Belleville Police Face Lawsuit Over Homeless Woman Who Died in Jail

Sep 16, 2010 at 8:00 am
Sunny L. Swanson - courtesy of Belleville Police Department
courtesy of Belleville Police Department
Sunny L. Swanson
courtesy of Belleville Police Department
Sunny L. Swanson
Around 5 p.m. on October 15, 2009, officer James Huber of the Belleville Police Department was summoned to KJ's Saloon on Illinois Street in the north end of town. A bar employee had called to report a burglary in progress at a vacant house across the street. Huber radioed for back-up, and the department's K9 unit showed up a few minutes later. The cops walked over the house and yelled through a shattered back window that the robbers had to "show themselves or the dog would be released."

A ragged homeless couple -- 39-year-old Sunny L. Swanson and her boyfriend, 43-year-old John H. Ellis -- surrendered without a fight. The pair didn't even have to give their names to the cops. As Huber noted in his arrest report, Ellis and Swanson were "known to our department on a daily, if not several times a day [basis]."

Indeed, Swanson was a regular with law enforcement across St. Clair County. She had been arrested a whopping 63 times since 2004 with 16 convictions, mostly for being drunk in public or trespassing. In the year before she was caught breaking and entering by officer Huber, Belleville Police had arrested Swanson 34 times, citing her on 17 of those occasions for disorderly conduct or being a "pedestrian under the influence of alcohol."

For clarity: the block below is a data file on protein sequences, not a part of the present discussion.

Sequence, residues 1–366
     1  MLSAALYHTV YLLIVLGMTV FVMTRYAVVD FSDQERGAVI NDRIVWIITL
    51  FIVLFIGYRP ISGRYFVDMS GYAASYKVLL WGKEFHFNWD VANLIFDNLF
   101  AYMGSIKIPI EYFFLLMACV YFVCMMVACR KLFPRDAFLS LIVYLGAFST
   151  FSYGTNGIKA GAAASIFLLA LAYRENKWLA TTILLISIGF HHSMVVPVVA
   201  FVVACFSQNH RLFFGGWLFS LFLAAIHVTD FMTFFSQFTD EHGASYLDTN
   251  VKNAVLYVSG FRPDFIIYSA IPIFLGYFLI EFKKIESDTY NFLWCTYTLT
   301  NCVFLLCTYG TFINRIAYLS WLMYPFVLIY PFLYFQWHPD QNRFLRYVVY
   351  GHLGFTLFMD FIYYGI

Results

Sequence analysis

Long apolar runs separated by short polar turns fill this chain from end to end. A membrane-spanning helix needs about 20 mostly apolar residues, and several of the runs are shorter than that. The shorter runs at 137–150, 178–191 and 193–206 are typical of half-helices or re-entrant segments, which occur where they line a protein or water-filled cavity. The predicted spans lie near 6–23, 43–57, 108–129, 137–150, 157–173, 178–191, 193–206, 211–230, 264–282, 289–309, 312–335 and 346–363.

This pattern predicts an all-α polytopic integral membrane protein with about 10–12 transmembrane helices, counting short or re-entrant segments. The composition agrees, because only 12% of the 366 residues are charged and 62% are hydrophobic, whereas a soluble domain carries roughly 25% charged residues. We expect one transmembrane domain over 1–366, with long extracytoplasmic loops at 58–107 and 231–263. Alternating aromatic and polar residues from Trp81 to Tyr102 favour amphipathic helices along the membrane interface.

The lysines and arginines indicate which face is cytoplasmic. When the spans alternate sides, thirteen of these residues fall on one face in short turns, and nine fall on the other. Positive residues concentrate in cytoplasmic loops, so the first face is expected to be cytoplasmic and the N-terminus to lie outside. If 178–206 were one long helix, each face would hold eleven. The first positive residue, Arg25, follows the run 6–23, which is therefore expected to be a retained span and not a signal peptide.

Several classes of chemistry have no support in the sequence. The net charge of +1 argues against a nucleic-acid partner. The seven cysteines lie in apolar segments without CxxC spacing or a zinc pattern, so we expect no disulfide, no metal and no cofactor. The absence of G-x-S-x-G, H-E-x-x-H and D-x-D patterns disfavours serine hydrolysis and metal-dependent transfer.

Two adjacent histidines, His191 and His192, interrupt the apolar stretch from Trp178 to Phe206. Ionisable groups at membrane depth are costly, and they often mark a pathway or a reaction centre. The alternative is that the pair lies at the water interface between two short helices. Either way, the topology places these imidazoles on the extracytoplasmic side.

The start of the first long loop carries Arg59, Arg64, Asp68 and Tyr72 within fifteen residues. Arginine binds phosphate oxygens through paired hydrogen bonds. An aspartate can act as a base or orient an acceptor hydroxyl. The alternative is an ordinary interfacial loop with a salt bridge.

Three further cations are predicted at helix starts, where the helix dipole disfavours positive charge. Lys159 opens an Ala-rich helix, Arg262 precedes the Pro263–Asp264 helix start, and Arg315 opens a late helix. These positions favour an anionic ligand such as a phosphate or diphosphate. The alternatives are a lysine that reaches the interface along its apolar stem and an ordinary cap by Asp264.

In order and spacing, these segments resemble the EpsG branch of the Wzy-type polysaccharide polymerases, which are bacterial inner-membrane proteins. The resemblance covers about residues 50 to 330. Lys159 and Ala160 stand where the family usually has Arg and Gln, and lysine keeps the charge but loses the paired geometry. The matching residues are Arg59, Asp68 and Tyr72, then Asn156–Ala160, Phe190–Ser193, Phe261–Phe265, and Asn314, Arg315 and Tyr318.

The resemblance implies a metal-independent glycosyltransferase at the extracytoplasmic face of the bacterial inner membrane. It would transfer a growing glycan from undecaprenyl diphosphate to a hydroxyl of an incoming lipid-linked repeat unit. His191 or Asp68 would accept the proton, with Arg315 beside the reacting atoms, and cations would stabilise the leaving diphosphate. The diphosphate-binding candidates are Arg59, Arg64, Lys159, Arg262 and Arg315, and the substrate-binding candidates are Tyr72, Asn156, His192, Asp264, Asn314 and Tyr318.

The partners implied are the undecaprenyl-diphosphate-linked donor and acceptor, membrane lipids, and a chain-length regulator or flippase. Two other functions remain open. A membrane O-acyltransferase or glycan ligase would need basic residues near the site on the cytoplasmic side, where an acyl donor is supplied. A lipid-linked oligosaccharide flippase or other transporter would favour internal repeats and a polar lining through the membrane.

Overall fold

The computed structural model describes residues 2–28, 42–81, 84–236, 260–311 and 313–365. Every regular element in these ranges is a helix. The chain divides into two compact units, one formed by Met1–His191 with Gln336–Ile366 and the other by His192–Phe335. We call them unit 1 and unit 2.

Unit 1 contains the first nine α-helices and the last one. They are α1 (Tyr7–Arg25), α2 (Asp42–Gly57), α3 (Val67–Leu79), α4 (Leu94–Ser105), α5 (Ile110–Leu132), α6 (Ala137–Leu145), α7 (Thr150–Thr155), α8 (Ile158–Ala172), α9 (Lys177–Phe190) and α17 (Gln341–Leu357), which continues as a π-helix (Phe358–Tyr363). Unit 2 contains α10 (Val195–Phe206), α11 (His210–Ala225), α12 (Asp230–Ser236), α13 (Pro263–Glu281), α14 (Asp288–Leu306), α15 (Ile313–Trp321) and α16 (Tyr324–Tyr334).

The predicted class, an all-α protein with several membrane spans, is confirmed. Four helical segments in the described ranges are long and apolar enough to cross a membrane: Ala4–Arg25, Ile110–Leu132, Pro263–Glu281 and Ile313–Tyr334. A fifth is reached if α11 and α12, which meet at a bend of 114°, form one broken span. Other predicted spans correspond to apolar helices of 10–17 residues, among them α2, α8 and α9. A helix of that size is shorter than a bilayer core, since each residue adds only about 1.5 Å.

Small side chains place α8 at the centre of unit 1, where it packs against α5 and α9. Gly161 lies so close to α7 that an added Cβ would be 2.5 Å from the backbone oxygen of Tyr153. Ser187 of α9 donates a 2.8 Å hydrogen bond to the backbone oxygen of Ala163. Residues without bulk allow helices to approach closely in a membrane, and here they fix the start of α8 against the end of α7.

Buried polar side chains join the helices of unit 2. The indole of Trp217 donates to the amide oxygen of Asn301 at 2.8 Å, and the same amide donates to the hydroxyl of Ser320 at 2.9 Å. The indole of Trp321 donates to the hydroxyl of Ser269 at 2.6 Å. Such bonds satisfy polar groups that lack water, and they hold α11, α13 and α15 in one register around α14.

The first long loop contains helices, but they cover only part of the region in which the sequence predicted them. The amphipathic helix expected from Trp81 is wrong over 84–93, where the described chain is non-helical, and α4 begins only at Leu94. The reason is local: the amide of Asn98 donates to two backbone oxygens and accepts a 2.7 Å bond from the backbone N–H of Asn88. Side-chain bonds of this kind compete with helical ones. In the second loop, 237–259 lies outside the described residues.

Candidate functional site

But Swanson's trip to the Belleville Jail that evening on charges of residential burglary would be her last. The following afternoon she was found dead on the floor of her cell.

Now, nearly a year later, Swanson's sister -- Kanas City resident Stacey Bray -- says she plans to file a wrongful death suit against the Belleville Police Department.

"There's evidence that Sunny was begging for help to be sent to hospital because she was vomiting blood when she was brought in," Bray says. "They did nothing to help her. They did not follow their protocol."